Nonprofits look to the long run

Marathon: Charities find that the committed participants in endurance events are potent fund-raisers.

June 01, 1999|By Kate Shatzkin | Kate Shatzkin,SUN STAFF

Soon after Sharon F. Hall embarked on the marathon of her life, her husband Frank started training for his.

An energetic woman who played tennis and bowled, Hall, 49, was diagnosed four years ago with rheumatoid arthritis, a disease that would turn once-pleasurable activities into a test of endurance. The crippling condition would keep the Overlea couple from doing many things together. But it created a new opportunity, too -- a chance for Frank Hall to run a marathon when he hadn't even jogged in 30 years.

After two years of training, after selling pizza and candy and T-shirts and renting himself out for chores to raise money, the 53-year-old crossed the finish line of the Dublin Marathon last year as a member of the Joints in Motion team from the Maryland chapter of the Arthritis Foundation. His wife's name was written on a band around his wrist.

Following the model of the Leukemia Society of America's Team in Training -- a 10-year-old operation that now attracts 22,000 participants nationwide and raised $38 million after expenses last year -- organizations like the Arthritis Foundation, the American Diabetes Association, the National AIDS Marathon Training Program and others are hiring trainers, buying team jackets, and putting running shoes on people who never dreamed of wearing them.

Big money is at stake. The Leukemia Society raised more than $11 million for research with just one event last year, the Suzuki Rock 'n' Roll Marathon in San Diego. Team in Training -- which the society says is the largest endurance sports training program in the U.S. -- represents half the society's fund raising.

The organization also puts together teams for endurance in-line skating, walking and bicycling events. In December, the society formed a 30-member team to tackle a triathlon in Canada.

"I think that the opportunities are limitless," said Carrie Gittings, who became campaign manager for the Maryland chapter of the Leukemia Society after running a marathon with the group. The chapter estimates it has raised $550,000 after expenses from marathon participation this year.

Increasing dividends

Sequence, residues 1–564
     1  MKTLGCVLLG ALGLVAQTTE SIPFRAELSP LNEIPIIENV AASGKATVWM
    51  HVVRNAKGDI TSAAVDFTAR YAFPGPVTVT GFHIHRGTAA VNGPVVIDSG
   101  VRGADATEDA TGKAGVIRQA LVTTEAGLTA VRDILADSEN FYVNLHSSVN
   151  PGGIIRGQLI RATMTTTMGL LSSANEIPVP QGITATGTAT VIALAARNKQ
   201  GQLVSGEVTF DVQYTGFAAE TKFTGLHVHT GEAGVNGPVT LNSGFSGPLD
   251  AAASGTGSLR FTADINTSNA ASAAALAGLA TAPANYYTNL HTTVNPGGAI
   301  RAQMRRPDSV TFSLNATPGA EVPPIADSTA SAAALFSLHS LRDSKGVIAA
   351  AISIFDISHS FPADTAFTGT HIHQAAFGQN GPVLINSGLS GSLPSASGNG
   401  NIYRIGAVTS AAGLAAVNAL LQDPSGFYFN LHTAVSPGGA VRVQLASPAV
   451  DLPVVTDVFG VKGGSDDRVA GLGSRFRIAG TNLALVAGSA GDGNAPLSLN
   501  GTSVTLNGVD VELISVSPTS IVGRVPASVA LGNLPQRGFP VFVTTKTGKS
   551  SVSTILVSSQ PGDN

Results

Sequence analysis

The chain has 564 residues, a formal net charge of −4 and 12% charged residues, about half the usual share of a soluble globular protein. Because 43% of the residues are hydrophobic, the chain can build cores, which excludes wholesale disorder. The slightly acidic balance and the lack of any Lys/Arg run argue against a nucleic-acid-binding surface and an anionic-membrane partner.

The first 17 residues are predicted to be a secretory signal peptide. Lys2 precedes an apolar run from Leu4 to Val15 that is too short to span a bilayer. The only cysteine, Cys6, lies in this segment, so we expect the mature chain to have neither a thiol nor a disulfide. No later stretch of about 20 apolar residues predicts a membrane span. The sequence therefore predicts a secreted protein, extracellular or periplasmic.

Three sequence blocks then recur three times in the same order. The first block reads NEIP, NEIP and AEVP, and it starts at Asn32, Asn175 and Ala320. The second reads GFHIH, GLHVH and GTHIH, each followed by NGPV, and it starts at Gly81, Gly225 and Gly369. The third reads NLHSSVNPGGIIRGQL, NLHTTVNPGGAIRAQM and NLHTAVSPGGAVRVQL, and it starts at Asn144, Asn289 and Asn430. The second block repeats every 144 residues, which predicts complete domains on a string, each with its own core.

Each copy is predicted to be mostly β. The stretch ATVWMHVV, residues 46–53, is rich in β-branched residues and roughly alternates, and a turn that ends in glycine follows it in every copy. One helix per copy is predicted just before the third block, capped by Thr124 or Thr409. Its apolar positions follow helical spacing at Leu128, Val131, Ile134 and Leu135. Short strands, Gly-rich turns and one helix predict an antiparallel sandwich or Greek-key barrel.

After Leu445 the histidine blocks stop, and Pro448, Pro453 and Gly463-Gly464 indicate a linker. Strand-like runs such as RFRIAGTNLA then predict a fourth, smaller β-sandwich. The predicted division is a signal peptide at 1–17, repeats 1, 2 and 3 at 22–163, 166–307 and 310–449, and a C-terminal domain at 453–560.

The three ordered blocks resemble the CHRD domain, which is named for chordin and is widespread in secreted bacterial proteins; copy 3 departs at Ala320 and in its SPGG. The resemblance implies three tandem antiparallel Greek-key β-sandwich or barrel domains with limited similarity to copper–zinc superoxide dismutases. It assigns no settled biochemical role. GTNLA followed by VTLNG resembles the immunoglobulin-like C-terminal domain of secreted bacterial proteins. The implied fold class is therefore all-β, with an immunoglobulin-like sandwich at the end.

At the Arthritis Foundation, which started its Joints in Motion program several years ago, the dividends are not as dramatic -- but they're rising rapidly. In Maryland, marathon proceeds made up 20 percent of last year's fund-raising total, said Jack Whisler, president of the state chapter.

Nationally, the American Diabetes Association raised about $1.75 million after expenses in the first year of its marathon program. About 70 percent of the participants had not been involved with the organization before.

The marathon craze began modestly when Bruce Cleland, an investment manager whose young daughter, Georgia, had been diagnosed with leukemia, recruited a band of middle-aged businessmen to run the New York City Marathon for the cause. A dedicated fund-raiser who'd been throwing black-tie parties, Cleland wanted to change his life and his shape.

The group of 30 raised about $330,000 -- and their spirits. "It was kind of a life-transforming event for most of us," he said.

`A sense of commitment'

Today, Cleland -- who lives in Ruxton and is a member of the Maryland Leukemia Society board -- cannot believe how his concept has taken off. "From a donor's point of view, the one thing you do look for is a sense of commitment from the person asking you to support their organization," he said. "This is something that takes real commitment."

Of 419,000 marathon finishers in the U.S. last year, the U.S. Track & Field Road Running Information Center estimates that at least one in 10 was raising money for a cause.

The concept works like this: In exchange for raising a minimum amount -- usually several thousand dollars -- a runner gets support from a trainer, paid travel, and hotel accommodations in places like Dublin, London and Honolulu.

The Leukemia Society says it is able to keep its expenses at 25 percent of what runners raise; other organizations hover around 30 percent to 33 percent. Runners must make a commitment to the organizations -- if they have not raised the money by a certain deadline, they must make up the difference themselves.

Some runners see problems

The boom has drawn the scorn of some serious runners, who see the charity participants as taking up space in popular marathons and hindering the competitiveness of their sport. For example, Washington's popular Marine Corps Marathon, a scenic October race that winds past the city's monuments to a finish line at the Iwo Jima Memorial, closed to applicants in March after a quarter of its 16,000 slots had been allotted to runners for charity. The race closed in June last year -- and August the year before.

After last month's London Marathon was closed to runners, several small British charities found themselves advertising on the Internet for runners to fill slots they had purchased.

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